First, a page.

You don't really need the
Terrain.SampleHeight() function, since
hit.point already contains the information (i.e. the position on the Terrain) you're looking for.
public void SpawnThroughPlane()
Ray ray = Camera.main.ScreenPointToRay(Input.mousePosition);
if (plane.GetComponent<TerrainCollider>().Raycast(ray, out hit, Mathf.Infinity))
GameObject cube = Instantiate(prefabToSpawn);
cube.transform.position = hit.point;
TerrainCollider instead of
MeshCollider because I assumed you were working with Terrains, but the same criteria apply to Mesh colliders as well, provided some minor code edits.
The previous function places cubes on the terrain without applying an offset to
hit.point, and this results in cubes penetrating the Terrain after positioning:
You can solve this new problem in different ways, but the main idea is moving the cube towards a certain direction for a certain distance so that it touches the Terrain without intersecting it.
When a cube is placed, its bottom half is "inside" the Terrain but its top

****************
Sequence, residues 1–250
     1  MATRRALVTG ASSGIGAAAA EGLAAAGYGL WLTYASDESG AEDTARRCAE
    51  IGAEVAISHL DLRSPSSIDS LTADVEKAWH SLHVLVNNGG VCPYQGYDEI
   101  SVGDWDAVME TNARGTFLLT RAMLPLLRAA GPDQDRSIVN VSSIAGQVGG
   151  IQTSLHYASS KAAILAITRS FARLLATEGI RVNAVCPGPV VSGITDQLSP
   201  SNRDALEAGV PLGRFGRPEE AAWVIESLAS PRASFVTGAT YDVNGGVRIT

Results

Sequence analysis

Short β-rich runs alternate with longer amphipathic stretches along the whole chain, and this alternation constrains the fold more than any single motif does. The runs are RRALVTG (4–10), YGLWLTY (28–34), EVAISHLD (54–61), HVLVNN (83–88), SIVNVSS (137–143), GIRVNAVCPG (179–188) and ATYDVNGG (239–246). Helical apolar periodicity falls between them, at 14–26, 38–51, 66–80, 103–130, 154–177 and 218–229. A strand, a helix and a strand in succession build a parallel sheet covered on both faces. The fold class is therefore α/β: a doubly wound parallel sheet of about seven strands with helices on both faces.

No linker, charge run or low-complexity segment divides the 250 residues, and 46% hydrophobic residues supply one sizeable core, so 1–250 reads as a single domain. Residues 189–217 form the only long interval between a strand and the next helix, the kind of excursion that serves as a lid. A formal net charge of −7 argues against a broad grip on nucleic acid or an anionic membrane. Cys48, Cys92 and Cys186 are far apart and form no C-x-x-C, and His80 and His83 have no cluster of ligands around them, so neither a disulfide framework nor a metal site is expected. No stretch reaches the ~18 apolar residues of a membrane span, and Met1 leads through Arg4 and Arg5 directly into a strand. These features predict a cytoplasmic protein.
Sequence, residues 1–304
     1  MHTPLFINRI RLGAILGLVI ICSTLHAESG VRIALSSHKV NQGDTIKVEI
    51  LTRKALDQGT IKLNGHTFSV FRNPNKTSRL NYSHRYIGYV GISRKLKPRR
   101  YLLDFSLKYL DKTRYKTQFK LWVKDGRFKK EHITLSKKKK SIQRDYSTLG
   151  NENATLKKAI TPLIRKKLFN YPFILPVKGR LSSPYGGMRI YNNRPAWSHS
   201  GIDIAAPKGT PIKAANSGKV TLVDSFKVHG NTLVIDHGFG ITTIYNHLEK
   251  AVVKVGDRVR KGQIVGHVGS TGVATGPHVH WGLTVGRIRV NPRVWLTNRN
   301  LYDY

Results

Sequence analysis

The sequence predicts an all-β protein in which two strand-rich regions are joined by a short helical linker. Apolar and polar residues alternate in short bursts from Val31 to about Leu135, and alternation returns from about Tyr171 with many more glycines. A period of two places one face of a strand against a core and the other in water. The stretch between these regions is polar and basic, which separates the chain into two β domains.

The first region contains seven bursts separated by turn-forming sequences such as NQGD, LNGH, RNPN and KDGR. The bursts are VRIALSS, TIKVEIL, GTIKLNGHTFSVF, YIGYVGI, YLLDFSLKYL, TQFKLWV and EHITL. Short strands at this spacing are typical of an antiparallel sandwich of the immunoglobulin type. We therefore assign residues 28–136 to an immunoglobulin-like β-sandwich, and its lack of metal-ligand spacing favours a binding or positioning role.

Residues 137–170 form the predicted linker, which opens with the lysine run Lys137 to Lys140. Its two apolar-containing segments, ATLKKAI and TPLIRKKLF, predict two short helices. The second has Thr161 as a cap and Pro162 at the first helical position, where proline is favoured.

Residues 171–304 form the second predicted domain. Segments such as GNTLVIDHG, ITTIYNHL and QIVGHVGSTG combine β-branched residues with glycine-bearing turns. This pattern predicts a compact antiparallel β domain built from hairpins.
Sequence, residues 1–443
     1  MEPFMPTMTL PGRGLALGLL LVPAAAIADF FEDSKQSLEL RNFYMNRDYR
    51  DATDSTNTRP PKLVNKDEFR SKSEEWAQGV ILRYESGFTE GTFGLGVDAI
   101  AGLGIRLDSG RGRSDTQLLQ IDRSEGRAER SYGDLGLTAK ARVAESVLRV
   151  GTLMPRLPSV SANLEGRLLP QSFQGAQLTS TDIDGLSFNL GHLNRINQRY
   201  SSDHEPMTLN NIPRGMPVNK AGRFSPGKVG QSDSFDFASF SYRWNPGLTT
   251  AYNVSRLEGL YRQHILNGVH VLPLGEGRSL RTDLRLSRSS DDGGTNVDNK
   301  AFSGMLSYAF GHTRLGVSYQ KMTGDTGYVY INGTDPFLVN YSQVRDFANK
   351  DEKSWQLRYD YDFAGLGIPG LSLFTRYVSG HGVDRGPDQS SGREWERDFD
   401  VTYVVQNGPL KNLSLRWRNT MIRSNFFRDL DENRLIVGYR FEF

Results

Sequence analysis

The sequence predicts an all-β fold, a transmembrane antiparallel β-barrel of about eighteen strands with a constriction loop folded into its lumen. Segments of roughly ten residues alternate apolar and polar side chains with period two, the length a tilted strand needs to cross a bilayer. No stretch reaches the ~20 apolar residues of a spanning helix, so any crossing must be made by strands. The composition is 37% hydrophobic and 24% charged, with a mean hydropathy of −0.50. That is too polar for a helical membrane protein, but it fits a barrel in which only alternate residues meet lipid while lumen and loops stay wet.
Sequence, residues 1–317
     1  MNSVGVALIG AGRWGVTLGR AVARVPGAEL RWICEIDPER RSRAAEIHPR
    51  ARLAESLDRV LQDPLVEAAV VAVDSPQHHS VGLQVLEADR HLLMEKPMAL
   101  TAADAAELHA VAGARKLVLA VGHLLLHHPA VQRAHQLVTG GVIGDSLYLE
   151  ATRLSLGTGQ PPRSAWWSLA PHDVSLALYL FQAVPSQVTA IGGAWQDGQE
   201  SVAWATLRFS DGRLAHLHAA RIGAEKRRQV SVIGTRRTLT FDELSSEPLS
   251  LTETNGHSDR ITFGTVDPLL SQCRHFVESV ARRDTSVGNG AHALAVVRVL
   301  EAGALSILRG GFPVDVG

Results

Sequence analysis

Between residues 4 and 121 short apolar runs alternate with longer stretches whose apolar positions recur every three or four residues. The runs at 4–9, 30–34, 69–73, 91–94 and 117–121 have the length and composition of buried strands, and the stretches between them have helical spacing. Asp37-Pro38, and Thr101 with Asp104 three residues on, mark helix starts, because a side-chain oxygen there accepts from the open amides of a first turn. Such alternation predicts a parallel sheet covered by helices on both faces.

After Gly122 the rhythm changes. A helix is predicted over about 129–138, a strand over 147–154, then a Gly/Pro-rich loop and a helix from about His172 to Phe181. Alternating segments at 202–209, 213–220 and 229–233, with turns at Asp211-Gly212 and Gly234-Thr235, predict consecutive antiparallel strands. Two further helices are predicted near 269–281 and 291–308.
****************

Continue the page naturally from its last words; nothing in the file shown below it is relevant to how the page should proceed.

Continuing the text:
half is actually visible. Then, we can move it upwards for half its height with respect to the
hit.point. To do so, just add an offset value when setting the
cube.transform.position = hit.point + 0.5f * Vector3.up;
0.5 to a vector to define a distance along a given direction in space. Rather than hard-coding values, you can also compute object heights programmatically by using
Mesh.bounds and then
Vector3.Scale() to account for scaling as well.
This small tweak improves the final result, although polygons still penetrate each other when slopes are steep:
You could even use
hit.normal in place of
Vector3.up and apply the offset along a direction perpendicular to the hit surface. Rotating the cubes will look nice as well (I don't know if this is what you're looking for though):
Instead of positioning the cubes and adjust their position, you may use a different approach:
- Raycast onto the Terrain, and find out the
hit.point of interest
- Assume a "safe" height from the terrain, e.g. 10 units, and consider the new position
Vector3 dropFrom = hit.point + 10f * Vector3.up;
- Use the
Physics.BoxCast function, with starting position
dropFrom and direction
Vector3.down (or a Ray pointing downwards).
This way, you are "dropping" a cube from atop of the Terrain and casting a geometric proxy downwards until a collision occurs. The cast results in a position a cube can be placed in without intersecting the Terrain: